JOHANNESBURG - From beer gardens to health hubs and cosy living rooms, airport lounges today have evolved far past the glorified waiting rooms with kitsch sofas they once were.
Euan McNeil, GM at FCM Travel said, “At a time when traveller friction is taking its toll on travellers, airports have started to recognise that they need to up their game if they want to be the first choice for frequent flyers.”
“Where they can, airlines and airports are creating beautiful spaces with natural light and unique touches. These destination lounges are making travel smoother and more comfortable for road warriors and should be on the radar of every South African company that wants to reduce traveller friction.”
FCM has rounded up four unique lounge experiences that could offer corporate travellers much-needed moments of tranquillity during their busy travel journeys.
Natural Oasis Lounges
“An open air natural oasis in the midst of the airport chaos can be the perfect antidote to traveller friction,” says McNeil.
Delta’s Sky Clubs at JFK’s Terminal 4 and Atlanta’s Concourse F are very literally providing travellers with a breath of fresh air with their ‘Sky Decks’. The ‘Sky Decks’ are outdoor mega-patios, designed by Thom Filicia, and feel somewhat like being on a roof-deck at a metropolitan hotel.
In Munich in Germany, the VIP Wing airport lounge also treats travellers to fresh air with an ‘open-air’ Bavarian beer garden where travellers can relax and enjoy a last sip of the Bavarian culture before continuing on their journey.
Outside swimming pools are also big plus for stressed-out travellers on long layovers. The Dominican Republic’s Punta Cana International Airport has revealed that its brand-new VIP lounge will feature an outdoor infinity-edge pool. A dip in the water puts travellers on almost the same level as the planes parked on the runway below.
And although not in the open air, one of the highlights of the new Senator Lounge at Vienna Airport in Austria are the real Austrian beech trees, which are preserved using a special preservation technique and evoke the culture of Austria.
Cultural Immersion Lounges
Cultural immersion trips continue to gain in popularity throughout the world, and the concept has now also found its way into airport lodges.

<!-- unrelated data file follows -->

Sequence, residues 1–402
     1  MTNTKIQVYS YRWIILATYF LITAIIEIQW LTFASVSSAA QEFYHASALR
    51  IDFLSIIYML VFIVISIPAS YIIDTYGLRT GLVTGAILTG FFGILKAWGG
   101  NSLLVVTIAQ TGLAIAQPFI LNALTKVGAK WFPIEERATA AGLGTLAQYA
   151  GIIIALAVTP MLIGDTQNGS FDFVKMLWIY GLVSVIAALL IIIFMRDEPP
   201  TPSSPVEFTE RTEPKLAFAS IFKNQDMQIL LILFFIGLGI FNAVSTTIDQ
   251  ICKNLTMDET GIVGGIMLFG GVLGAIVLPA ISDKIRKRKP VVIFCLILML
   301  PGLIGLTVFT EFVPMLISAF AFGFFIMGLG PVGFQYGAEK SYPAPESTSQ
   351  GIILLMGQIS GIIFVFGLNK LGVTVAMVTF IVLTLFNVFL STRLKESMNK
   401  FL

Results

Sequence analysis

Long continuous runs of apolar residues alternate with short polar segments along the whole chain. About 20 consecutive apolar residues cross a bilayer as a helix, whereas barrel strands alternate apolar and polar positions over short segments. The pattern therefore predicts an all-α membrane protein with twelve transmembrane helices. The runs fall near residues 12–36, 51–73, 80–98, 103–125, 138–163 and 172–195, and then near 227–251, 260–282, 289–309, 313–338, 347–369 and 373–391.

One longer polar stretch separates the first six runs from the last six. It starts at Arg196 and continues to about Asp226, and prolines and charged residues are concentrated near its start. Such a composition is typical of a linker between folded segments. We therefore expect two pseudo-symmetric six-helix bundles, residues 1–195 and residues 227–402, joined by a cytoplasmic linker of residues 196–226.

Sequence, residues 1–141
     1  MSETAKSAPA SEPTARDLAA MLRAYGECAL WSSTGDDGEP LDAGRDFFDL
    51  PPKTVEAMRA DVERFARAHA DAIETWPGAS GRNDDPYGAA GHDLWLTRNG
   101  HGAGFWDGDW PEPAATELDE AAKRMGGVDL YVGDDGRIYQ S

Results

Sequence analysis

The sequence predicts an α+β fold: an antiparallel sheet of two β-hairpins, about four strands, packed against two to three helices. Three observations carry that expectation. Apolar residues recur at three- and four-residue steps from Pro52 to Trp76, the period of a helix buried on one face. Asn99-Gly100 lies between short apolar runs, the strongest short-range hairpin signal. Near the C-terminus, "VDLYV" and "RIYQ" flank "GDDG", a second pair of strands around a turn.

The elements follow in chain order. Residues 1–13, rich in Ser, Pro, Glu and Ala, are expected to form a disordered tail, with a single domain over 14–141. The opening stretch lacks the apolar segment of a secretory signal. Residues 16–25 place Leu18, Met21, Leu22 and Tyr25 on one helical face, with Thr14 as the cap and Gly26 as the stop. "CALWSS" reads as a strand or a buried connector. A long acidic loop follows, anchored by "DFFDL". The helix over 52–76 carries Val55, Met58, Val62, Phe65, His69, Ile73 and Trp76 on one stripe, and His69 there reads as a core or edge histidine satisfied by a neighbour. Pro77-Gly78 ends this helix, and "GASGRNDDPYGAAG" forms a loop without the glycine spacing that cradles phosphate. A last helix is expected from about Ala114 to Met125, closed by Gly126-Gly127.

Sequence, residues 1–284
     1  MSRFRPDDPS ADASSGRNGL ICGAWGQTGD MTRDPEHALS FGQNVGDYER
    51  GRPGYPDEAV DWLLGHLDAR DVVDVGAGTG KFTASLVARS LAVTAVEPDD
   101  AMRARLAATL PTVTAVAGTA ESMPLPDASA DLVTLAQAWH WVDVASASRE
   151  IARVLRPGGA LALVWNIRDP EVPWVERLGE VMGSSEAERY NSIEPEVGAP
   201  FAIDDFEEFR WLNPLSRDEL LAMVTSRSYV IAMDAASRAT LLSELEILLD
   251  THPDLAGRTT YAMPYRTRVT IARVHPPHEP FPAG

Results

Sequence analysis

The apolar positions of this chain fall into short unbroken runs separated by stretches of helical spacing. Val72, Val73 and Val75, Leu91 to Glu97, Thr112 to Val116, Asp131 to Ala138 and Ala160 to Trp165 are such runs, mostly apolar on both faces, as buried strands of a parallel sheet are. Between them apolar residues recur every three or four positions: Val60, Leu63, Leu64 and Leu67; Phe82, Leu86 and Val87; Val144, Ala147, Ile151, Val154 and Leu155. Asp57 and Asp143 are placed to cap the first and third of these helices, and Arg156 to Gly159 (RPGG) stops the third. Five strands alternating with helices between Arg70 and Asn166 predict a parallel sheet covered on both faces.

The SATS Premier Lounge Terminal 2 at Singapore Changi International Airport is known for immersing its guests in Singaporean culture with displays of real orchids, Peranakan porcelain and artwork depicting local scenes. The lounge hosts regular cultural events to ensure that visitors are treated to a unique experience every time they enter the lounge.
For travellers wanting to soak up French culture, Air France recently completed the first phase of the renovation and expansion of its business class lounge in Terminal 2 (T2) at Paris-Charles de Gaulle Airport. The renovated lounge features an open kitchen designed in the style of a Parisian brasserie.
Cosy living room Lounges
“Airport often start to feel as the road warrior’s second home,” says McNeil. “The good news is that now road warriors can relax in ‘cosy living room’-style lounges that will feel like a home-away-from-home.”
The [email protected] Lounge in Helsinki Airport, allows travellers to cook in a real kitchen or enjoy a drink from the wine and spirits bar. The lounge also features loft style homey seating areas that will make travellers feel like they’re in a friend’s apartment. The only difference? Here they can raid the cabinets without running the risk of ruining a friendship.
Tallinn Airport Business Lounge at the Lennart Meri Airport in Estonia is another example of a lounge that has been designed to give travellers the feeling that they are waiting for their flight in the comfort of their own living room.
The latest example of a ‘cosy’ airport lounge is Cathay Pacific’s ‘The Deck’ at Hong Kong International Airport, which will open its doors on March 22. The lounge promised to emulate a contemporary living room environment of understated luxury.
Health Experience Lounges
“Travellers today don’t want to eat junk food and sit still for hours on end. They want to feel rejuvenated and eat healthy foods… and airport lounges have taken notice,” says McNeil.
Virgin Atlantic pioneered the idea of offering spa treatments to passengers in its London Heathrow Clubhouse more than 25 years ago. Since then, the airline has kicked things up a notch with its Bumble & Bumble salon, Dr. Hauschka skin-care swag, and Truefitt & Hill men’s products.
Also Air France’s new business class lounge in Charles de Gaulle features two private saunas, a relaxation area furnished with loungers and mini-suites; a detox bar with a selection of fine teas to improve health and wellbeing; and two private cabins where guests can book facial treatments with Clarins beauticians.
At Dubai International Airport, Emirates Business Class Lounge at Concourse B, travellers are treated to a barista experience in partnership with Cost Coffee as well as a Health Hub with Voss water featuring ‘healthier’ dining and drinking options.
Although the wear and tear on frequent business travellers cannot be fixed by offering lounge access, these modern conceptual airport lounges can go a long way in making business trips more pleasant and even fun for road warriors.
“Preventing traveller friction and ensuring your road warriors health and well-being whilst travelling should be a top consideration in your corporate travel programme.” concludes McNeil.
- BUSINESS REPORT ONLINE